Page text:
“My father went to Canada, it’s a disaster! He is in a dysfunctional family. I went to visit him and we had a natural affinity, but his wife felt threatened and made him choose - I got rejected. It was good to see where I come from: he understood parts of me that my family didn’t, but then he reinforced the old story. I don’t even know if he’s still alive.
“It all has to do with approval and legitimacy. I realise that ultimately it has to come from inside. Socially, I struggle to feel like a legitimate member of society. I admire people who move themselves forward socially. I take it personally if my social life isn’t going well, it can paralyse me; I isolate myself and feel unloved, unrecognized, and inadequate. Over the last few years, I’ve been learning about love, learning how to be unconditional with love and learning what can come out of that - I’m placing value on that. I’m learning that love has to be internal, that it starts with me.”
Also of note in the case are early greying of the hair (from age 19), menopausal hot flushes, a strong desire for sweets, and a road traffic accident which she describes as “the biggest marker in my life; it caused me to be truly vulnerable and to receive a lot of love and care.”
Several well-indicated remedies failed to act. Over the course of two months, however, her state improved somewhat with the help of Staphylococcus 200C. The eruptions of the neck healed and the chronic eruptions on the calf improved but remained ‘brewing’ beneath the surface. Her armpits healed initially but later returned with a vengeance. She described an itching that “feels like it will never stop, an urgency to make it stop, a fear it will devour me, like something that is alien and other.” She feels in limbo with her relationship and is desperate to see it validated, made legitimate.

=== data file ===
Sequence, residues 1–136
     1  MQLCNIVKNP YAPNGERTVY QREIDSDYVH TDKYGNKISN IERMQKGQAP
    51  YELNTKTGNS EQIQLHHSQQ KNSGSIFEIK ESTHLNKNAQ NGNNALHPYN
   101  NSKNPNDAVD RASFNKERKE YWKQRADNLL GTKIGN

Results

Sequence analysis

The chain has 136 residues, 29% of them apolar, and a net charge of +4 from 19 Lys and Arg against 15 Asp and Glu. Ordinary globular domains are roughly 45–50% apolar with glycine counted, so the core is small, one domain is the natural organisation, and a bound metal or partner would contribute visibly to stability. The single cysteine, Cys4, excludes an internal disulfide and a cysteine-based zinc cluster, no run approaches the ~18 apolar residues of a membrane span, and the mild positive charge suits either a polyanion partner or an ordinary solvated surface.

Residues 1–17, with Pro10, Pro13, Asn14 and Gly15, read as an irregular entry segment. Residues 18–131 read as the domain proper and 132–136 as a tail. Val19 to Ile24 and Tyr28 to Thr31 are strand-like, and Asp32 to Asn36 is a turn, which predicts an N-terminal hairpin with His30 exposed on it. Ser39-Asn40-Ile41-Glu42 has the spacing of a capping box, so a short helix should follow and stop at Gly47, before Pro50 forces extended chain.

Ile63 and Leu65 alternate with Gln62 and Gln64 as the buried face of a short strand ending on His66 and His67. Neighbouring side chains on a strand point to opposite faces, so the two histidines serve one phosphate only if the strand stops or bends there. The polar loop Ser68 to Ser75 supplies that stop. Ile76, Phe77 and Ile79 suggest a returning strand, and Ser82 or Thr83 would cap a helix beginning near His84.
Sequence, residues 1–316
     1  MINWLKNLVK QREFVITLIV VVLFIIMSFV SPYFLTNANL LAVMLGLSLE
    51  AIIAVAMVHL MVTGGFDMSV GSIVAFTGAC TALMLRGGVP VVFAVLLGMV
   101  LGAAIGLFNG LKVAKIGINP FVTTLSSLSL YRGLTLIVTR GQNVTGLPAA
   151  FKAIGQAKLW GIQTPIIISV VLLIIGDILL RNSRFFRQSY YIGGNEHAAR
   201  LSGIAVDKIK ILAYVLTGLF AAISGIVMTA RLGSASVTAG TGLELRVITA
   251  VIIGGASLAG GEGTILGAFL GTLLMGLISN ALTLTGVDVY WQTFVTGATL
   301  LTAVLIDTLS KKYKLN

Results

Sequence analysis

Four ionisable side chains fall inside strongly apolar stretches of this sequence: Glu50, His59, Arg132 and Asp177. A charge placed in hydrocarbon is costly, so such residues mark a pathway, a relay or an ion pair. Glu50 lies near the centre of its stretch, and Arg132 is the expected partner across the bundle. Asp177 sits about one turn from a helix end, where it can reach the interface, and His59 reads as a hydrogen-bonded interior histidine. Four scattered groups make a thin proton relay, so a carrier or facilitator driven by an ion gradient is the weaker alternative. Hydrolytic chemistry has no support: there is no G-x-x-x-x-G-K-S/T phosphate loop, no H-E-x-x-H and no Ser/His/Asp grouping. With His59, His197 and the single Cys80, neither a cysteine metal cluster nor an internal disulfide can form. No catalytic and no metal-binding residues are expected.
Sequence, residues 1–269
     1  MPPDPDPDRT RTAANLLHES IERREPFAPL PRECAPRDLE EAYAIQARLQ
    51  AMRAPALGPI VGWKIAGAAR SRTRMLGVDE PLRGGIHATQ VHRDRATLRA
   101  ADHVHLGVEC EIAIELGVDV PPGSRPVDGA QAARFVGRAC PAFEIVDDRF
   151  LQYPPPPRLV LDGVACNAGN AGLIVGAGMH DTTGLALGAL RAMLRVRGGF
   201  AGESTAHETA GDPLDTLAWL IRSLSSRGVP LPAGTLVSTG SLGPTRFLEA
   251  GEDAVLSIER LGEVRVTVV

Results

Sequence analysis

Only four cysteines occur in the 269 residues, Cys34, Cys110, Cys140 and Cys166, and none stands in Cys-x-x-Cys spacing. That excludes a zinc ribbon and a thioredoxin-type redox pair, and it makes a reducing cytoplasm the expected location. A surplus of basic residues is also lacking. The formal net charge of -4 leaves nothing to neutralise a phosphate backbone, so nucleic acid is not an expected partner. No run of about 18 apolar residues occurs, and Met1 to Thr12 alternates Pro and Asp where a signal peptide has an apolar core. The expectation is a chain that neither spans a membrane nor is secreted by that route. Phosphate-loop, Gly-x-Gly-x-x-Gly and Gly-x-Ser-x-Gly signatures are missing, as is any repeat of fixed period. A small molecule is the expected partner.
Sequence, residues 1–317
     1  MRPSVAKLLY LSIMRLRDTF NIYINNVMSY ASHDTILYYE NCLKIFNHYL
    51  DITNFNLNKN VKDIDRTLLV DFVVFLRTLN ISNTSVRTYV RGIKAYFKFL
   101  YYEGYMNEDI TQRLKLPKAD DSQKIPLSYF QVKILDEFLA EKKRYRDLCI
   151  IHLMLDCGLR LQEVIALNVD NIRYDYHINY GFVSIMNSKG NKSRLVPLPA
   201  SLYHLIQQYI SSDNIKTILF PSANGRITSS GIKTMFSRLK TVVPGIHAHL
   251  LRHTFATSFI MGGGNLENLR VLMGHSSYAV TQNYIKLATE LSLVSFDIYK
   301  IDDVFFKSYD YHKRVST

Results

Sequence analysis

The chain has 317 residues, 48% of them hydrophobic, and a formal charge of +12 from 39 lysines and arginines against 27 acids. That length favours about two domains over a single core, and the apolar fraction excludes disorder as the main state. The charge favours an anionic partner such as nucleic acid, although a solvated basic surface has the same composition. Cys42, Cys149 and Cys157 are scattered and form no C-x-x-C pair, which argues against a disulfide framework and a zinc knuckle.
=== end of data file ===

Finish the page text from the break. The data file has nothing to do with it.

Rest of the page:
She tells a little more about her mothers’ story: “She was terrified; she left her husband to live with the man she’d been having an affair with. When she discovered she was pregnant, his passion faded quickly and the relationship ended. She tried unsuccessfully to abort. In desperation, she contacted her ex-husband, whom she discovered was about to leave England for New Zealand to start a new life. With few options available, she stayed with her parents until she could get a boat to NZ. She had thought to adopt me out if I was a boy, in case I was too much of a reminder. My presence was difficult for her. Being legitimate is about survival; you get claimed, taken care of in the world.”
At this point, two months into treatment, I prescribed Sulphur Q3, which matched several generals in the case and also the relationship issues, albeit in a somewhat simplistic way. The response was positive. The hot flushes calmed, the eruptions on the neck, armpits and feet healed, and the intensity of feelings in the relationship also improved. She felt less driven and less defined by her emotions. Legitimacy became a less dominant issue. She talked of an emerging inner voice, the voice of a friend.